With the publication of two incendiary pieces of propaganda in recent weeks, the level of political discourse between parties has descended into the ranks of presumptive second guessing and outrageously speculative sloganeering. Painting the other guy as Osama's favorite is the new all-purpose character smear among partisans in this fiercely contested election.
The 2004 Democratic National Convention may have been more scripted, micromanaged and shrink-wrapped than ever before, but at least you could find media coverage that was refreshingly unpandering. For the first time, one-man-sapper crews of bloggers were welcome on the convention floor, undermining the sterile, party-approved packaging to present their subjective view of the events.
New Mexico Wildlife Federation president says "Hell no!" to drilling
By Tim McGivern
Ellery Worthen enjoys hunting for big game, because he likes eating big game. He also describes himself as a maniacal waterfowl hunter, who has lived out his passion in New Mexico for the past 50 years. "I love to call ducks so much, sometimes I forget to shoot," he said.
"Let me offer some history of what brought us to this controversy"
By Joseph J. Carraro
We have just completed a walk through with the governor of the area at the Petroglyph Monument in dispute with the extension of Paseo del Norte. Once again both sides have presented the same arguments with Gov. Richardson trying to bring compromise to an issue that was resolved years ago; that compromise was established when all parties agreed to the extension and the Petroglyph Park. To now seek a compromise of a compromise is unfair to those residents of the Westside who contributed all that was necessary to establish the Monument.
As those things go, John Kerry's acceptance speech at the Democratic National Convention wasn't bad—his bizarre case of "chin sweat" notwithstanding. No one, of course, expected John Kerry to deliver the virtuoso performance U.S. Senate candidate Barak Obama electrified the donkeys with. That's just not his style .And, to paraphrase a line from Chariots of Fire, no political handler can put in a candidate what God didn't.
Right before the Democratic National Convention opened last week in Boston, another Bush appointee made the trip from D.C. to our electorally strategic state for a visit with the grass roots. Clarence Carter, head of the Community Services Administration, was here right after Gail Norton and Tommy Thompson, just before Vice President Dick Cheney's visit to Rio Rancho. He came to drum up interest in his attempt to redefine poverty. But his visit raised as many questions as it answered.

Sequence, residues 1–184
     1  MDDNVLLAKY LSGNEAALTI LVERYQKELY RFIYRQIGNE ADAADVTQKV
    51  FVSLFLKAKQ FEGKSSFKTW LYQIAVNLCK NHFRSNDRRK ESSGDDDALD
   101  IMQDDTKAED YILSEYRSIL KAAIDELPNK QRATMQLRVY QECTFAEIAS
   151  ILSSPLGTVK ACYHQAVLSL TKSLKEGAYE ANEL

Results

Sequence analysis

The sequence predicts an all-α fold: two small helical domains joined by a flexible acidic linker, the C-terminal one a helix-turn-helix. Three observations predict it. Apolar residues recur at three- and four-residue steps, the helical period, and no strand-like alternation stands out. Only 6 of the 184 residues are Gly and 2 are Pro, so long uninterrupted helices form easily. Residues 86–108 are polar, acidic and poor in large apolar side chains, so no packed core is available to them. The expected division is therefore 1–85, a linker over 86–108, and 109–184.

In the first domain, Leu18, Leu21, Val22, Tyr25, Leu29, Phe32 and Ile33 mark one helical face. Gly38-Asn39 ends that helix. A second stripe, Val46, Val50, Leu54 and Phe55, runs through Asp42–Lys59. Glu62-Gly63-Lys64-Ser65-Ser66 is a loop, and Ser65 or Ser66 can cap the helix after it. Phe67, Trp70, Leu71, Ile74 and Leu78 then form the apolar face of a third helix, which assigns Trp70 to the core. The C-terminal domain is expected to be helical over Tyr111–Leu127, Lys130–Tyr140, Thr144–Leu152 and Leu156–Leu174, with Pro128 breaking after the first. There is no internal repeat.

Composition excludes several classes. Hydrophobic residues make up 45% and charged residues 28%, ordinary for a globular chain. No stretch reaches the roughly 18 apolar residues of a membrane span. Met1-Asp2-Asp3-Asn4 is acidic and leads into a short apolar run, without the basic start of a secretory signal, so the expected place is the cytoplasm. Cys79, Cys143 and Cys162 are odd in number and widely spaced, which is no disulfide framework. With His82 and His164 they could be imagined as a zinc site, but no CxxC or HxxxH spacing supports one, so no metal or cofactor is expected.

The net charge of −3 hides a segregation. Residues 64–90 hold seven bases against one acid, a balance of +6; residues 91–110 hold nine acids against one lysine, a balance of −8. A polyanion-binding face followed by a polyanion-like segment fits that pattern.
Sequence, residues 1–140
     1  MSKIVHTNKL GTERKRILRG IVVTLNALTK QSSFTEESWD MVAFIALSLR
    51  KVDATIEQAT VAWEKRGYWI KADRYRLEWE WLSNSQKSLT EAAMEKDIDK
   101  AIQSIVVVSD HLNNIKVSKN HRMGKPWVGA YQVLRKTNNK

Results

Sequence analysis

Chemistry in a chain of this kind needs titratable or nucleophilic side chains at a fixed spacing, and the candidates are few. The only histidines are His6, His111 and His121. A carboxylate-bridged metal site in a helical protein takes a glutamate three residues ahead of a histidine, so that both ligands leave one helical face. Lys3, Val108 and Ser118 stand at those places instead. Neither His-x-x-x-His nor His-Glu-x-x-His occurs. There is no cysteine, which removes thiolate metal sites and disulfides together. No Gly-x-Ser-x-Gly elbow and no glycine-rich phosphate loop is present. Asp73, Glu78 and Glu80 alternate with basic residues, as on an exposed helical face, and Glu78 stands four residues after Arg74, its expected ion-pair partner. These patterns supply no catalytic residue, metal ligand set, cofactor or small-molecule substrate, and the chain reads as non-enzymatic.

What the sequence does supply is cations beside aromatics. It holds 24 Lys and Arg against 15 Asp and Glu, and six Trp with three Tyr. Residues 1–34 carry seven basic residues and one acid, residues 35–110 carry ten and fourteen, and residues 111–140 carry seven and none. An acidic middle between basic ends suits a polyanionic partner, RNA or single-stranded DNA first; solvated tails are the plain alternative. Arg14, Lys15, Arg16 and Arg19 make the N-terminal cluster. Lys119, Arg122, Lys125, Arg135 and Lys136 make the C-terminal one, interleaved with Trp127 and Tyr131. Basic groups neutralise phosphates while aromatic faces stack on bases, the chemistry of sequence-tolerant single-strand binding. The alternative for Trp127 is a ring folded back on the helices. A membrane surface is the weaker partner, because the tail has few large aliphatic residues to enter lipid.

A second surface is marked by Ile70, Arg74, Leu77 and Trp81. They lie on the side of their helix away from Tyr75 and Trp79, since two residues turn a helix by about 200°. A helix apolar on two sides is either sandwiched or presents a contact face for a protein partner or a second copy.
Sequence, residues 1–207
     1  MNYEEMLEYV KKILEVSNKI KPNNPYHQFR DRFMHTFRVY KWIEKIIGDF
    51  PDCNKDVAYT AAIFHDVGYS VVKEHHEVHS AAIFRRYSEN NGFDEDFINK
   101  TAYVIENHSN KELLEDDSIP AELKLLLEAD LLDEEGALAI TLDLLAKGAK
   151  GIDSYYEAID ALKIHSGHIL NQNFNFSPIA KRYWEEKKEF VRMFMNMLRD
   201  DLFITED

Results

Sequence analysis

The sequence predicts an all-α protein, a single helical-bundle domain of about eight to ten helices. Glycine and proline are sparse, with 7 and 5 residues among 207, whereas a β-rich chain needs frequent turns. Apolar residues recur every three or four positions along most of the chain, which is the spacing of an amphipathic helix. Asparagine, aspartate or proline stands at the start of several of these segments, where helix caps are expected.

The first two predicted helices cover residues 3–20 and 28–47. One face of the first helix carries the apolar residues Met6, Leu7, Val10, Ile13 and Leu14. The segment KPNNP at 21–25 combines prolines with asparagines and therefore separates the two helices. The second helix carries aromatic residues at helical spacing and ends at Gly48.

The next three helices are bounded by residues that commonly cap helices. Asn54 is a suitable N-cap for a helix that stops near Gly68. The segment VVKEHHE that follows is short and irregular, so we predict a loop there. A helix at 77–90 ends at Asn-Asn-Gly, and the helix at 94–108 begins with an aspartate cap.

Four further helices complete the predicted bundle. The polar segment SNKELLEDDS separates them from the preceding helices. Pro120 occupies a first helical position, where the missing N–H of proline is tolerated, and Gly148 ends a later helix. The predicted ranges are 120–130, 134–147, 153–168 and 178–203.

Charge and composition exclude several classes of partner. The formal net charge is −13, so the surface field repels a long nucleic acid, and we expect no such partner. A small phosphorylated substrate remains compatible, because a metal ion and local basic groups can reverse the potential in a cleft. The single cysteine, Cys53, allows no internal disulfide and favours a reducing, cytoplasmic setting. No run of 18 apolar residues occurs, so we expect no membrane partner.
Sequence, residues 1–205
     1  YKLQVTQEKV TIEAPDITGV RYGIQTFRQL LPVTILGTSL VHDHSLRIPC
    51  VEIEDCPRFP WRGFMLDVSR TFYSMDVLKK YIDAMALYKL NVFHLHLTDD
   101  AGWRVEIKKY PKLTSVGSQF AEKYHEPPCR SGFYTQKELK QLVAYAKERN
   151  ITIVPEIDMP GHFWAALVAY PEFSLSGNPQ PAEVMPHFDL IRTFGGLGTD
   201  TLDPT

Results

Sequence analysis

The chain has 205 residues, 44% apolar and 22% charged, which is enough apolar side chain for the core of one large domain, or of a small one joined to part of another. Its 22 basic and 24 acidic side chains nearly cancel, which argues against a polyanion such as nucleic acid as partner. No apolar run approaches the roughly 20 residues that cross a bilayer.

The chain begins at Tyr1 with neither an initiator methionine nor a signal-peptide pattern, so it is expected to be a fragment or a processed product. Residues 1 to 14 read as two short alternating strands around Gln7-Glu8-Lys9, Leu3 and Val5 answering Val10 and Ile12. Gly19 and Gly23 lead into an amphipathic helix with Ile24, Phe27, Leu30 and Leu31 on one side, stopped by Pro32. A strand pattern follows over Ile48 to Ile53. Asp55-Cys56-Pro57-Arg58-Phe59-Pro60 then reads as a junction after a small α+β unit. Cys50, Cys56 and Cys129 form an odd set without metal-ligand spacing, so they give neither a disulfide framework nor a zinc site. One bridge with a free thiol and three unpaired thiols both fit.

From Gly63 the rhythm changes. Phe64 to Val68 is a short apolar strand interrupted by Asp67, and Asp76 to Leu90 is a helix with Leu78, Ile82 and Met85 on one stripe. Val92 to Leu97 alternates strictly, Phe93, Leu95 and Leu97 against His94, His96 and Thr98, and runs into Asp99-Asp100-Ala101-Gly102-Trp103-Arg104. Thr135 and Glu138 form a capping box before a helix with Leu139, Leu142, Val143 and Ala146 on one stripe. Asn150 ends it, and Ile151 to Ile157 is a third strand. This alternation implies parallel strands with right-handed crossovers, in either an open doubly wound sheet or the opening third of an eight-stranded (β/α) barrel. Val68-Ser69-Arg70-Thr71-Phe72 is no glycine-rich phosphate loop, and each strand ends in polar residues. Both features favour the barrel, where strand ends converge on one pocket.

Dateline: England—An inmate, upset at conditions in his new minimum security prison, escaped and walked 63 miles back to his old prison. According to The Sun, reformed junkie Paul Parry left the Prescoed prison near Usk, Monmouthshire, and walked for some 30 hours to his old jail in Swansea where prison officers found him knocking on the door begging to be let in. Parry was sentenced to five and a half years in 2002 for smuggling heroin in Wales. A tough anti-drug program at Swansea is credited with helping Parry kick the drug habit. The newly reformed Parry was recently transferred to Prescoed, a halfway house where prisoners have keys to their own cells. Parry's girlfriend told The Sun that the new facility is rife with drugs and that Parry feared he'd slip back into his old habits. A prison panel is deciding now whether Parry can serve out the rest of his term in Swansea.
Albuquerque Contemporary 2004 at the Albuquerque Museum
By Steven Robert Allen
Gronk is roughly the sound a goose makes while chasing away a potential predator, but don't let that confuse you. Gronk also happens to be a renowned Los Angeles performance and visual artist best known for his spectacular murals. This year, he was also the juror responsible for selecting entries in Albuquerque Contemporary 2004, Magnífico's 15th annual exhibit of some of the best contemporary artists from the Albuquerque area.
John Edwards isn't the only one who thinks there are two Americas. Erin Currier's complex, multi-media paintings take a nose-dive into the inky pit of our multicultural nation, revealing that the United States is considerably more than just a bunch of pansy white boys like me (and John Edwards). Currier's exhibit, The Other America, opens this Saturday, Aug. 7, with a reception from 4 to 7 p.m. at Parks Gallery in Taos. It's worth the long ride to check out this amazing art. The show runs through Aug. 24. (505) 751-0343.
Murderers and rapists can get financial aid, but drug offenders—forget it
By Ben Carlson
On Friday, July 22, Sen. Joe Biden (D-DE) rescinded his support of "The Second Chance Act" (on the last working day, before the 108th Congress adjourned for August recess), and now the bill must be put on hold until at least September.
If poor gas mileage hurts the U.S. economy and harms public health and the environment, why don't lawmakers call for greater efficiency?
By Rhett Zyla
Do you know what CAFE is? No, not your local croissant and cappuccino outlet, this acronym stands for Corporate Average Fuel Economy, a spate of vehicle fuel economy requirements mandated by Congress in 1975 in response to the Middle East oil crisis. CAFE rules demanded that automakers increase fuel economy for light-duty vehicles from an average of 13.1 miles per gallon (mpg) to 27.5 mpg for cars and 20.7 mpg for light-duty trucks. They were given until 1985 to come into compliance. What happened? The world did not end! We got cars with better gas mileage.
Dateline: Sweden—Teenagers at a three-day music festival got their mouths washed out with soap—but it was entirely voluntary. It didn't take long for revelers at the Baltic Sea Music Festival in Karlshamn to figure out that the liquid soap used in the portable toilets contained 62 percent alcohol. Carbonated beverages spiked with the detergent soon became the drink of choice over the long weekend. “I suspected something was wrong because the soap went like hot cakes,” Anders Persson, whose company Bajamaja was hired to provide 65 portable latrines, told the Associated Press. Most of the soap dispensers had been smashed open and emptied by the end of the festival. One 14-year-old girl was briefly hospitalized with a minor stomach ache after pouring too much soap into her soda. Access to alcohol is strictly regulated in Sweden, with the state monopoly selling spirits only through a national chain of retail outlets.